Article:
One of the topics also raised is the “15 bosses” issue, which is really part of the “strong mayor” –vs- “strong council” issue that has been a part of local politics since the turn of the century and is being raised again this year. If the public safety amendment passes, the Department of Public Safety will not have 15 bosses; it would be led by a single commissioner, nominated by the mayor and confirmed by the council. Again, this would make the Department of Public Safety management structure the same as every other city department. Knuth has taken this a step further: in her public safety proposal the director of the department would answer to her as mayor — not the city council. (Policy nerds can check out this great explainer on the history of the “charter wars” and its impact on this election.)
Other concerns aired about the future of public safety included state and federal laws affecting law enforcement, binding arbitration, and qualified immunity, which is currently codified under state law. All of these important issues must be addressed, but they are issues that largely play out at the state and federal level. The mayor and council have little power aside from lobbying and the bully pulpit of elected office.
One area of agreement my friend and I share is our mutual support of Chief Arradondo. I continue to be grateful that former Mayor Hodges had the vision to appoint him as Chief. I have met the Chief and worked with him and other officers directly on the Franklin Hiawatha homeless encampment. I know his history and his hopes for the department and I support him. I believe retaining Chief Arradondo is key to negotiating the challenging road ahead.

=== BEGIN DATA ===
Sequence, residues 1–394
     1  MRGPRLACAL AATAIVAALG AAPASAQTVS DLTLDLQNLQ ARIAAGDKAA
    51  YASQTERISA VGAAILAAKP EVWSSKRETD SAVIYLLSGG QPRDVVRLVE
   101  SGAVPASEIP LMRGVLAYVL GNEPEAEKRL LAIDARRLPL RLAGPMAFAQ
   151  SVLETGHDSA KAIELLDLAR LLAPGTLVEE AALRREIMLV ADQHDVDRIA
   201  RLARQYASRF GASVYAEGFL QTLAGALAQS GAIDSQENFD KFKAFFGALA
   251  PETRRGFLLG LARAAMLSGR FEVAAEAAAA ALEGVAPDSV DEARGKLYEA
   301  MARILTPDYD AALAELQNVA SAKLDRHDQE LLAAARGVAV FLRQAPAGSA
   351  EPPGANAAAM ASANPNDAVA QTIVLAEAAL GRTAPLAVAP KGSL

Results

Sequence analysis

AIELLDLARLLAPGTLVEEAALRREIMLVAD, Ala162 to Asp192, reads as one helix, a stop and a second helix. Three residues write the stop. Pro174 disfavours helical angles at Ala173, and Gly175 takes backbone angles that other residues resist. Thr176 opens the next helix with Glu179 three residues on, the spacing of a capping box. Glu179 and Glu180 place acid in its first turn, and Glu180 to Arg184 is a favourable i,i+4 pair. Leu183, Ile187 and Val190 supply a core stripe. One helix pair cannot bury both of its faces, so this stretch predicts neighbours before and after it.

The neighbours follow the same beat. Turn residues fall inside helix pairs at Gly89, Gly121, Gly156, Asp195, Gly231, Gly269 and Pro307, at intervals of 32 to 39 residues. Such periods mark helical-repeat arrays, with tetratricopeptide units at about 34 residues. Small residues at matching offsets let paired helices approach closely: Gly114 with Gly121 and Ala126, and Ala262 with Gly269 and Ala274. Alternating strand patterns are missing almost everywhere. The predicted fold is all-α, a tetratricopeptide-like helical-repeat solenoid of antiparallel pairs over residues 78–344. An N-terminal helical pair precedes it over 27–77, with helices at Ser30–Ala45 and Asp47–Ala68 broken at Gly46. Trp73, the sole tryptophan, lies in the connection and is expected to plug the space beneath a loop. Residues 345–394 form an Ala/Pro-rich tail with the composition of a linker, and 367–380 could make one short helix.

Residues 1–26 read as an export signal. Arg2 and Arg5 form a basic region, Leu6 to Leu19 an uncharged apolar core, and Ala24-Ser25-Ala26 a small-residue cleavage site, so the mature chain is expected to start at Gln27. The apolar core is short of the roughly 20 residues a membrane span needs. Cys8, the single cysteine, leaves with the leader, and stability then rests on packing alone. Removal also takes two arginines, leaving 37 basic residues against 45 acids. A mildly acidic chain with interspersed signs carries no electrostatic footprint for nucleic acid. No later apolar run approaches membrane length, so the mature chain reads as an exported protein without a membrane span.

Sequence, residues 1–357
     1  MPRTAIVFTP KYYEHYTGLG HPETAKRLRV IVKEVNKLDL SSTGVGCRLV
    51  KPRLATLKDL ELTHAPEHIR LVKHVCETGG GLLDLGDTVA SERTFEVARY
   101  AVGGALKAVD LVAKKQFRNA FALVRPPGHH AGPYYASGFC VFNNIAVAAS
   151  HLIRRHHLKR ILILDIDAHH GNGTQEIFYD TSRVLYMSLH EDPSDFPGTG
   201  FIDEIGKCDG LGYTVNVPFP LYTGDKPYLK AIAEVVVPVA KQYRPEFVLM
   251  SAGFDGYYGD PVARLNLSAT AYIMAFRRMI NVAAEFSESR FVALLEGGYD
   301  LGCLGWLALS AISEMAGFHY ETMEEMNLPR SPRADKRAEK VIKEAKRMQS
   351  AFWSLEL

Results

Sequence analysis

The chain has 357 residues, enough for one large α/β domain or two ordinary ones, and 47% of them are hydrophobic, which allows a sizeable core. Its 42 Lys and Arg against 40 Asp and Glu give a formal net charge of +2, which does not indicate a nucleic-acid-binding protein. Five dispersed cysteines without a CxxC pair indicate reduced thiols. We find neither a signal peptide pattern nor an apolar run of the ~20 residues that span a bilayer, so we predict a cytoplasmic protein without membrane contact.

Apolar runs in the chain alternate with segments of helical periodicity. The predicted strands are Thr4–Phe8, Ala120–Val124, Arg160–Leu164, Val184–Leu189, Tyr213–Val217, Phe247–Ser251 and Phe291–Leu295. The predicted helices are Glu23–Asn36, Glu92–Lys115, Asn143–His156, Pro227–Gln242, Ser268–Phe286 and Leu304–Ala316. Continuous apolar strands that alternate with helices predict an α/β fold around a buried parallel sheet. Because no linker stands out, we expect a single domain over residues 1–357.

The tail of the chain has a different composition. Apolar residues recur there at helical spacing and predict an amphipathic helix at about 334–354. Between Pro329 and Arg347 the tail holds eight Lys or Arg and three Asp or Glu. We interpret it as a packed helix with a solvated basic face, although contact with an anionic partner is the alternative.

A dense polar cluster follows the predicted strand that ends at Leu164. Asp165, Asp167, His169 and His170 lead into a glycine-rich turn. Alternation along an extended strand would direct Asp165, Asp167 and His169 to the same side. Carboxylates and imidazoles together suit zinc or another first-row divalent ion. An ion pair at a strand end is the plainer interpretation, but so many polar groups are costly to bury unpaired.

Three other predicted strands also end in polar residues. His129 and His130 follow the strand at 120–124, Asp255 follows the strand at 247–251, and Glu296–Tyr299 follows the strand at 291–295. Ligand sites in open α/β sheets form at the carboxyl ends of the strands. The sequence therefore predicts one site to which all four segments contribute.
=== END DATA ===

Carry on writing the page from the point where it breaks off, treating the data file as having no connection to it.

During our exchange my friend also raised concerns about a “depleted and demoralized” MPD, the accompanying rise in violent crime, and the “general lawlessness” that is plaguing our communities. I share these concerns — but hasn’t all of this has happened on Mr. Frey’s watch, under a system in which the mayor alone has responsibility for the MPD? I struggle to see how another four years under a mayor who has failed so spectacularly will improve this dire situation. Additionally, the City of Minneapolis is self-insured. How much longer can we afford to pay out huge settlements to victims of police violence and misconduct? The City has paid out over $70 million in settlements over the last two decades, much of it in the last three years. Allowing the status quo to continue is something we literally cannot afford.
Citizens here and across the nation are calling for a re-visioning of law enforcement . With the right leadership Minneapolis could be a trail blazer in this effort, helping to move our city and our nation towards a more equitable and efficacious model for keeping communities healthy and safe. I have embraced Kate Knuth’s candidacy and her proposed approach to public safety; I believe hers is a well-considered middle path between the status quo of the current administration and proposals made by some of the other candidates. Knuth’s Building Public Safety and Transforming Policing proposal is comprehensive. I urge all who truly care about this issue to take the time to review it. There’s both the full plan and a “Reader’s Digest” version available.
Whether creating a Department of Public Safety is a positive step towards needed change, as I believe, or a diminishment of the existing policing structure, as my friend fears, is a matter of personal opinion. We must all consider this as we wrestle to decide who will best lead our beloved community forward during these troubled times.
Camille J. Gage is a Minneapolis based artist and writer.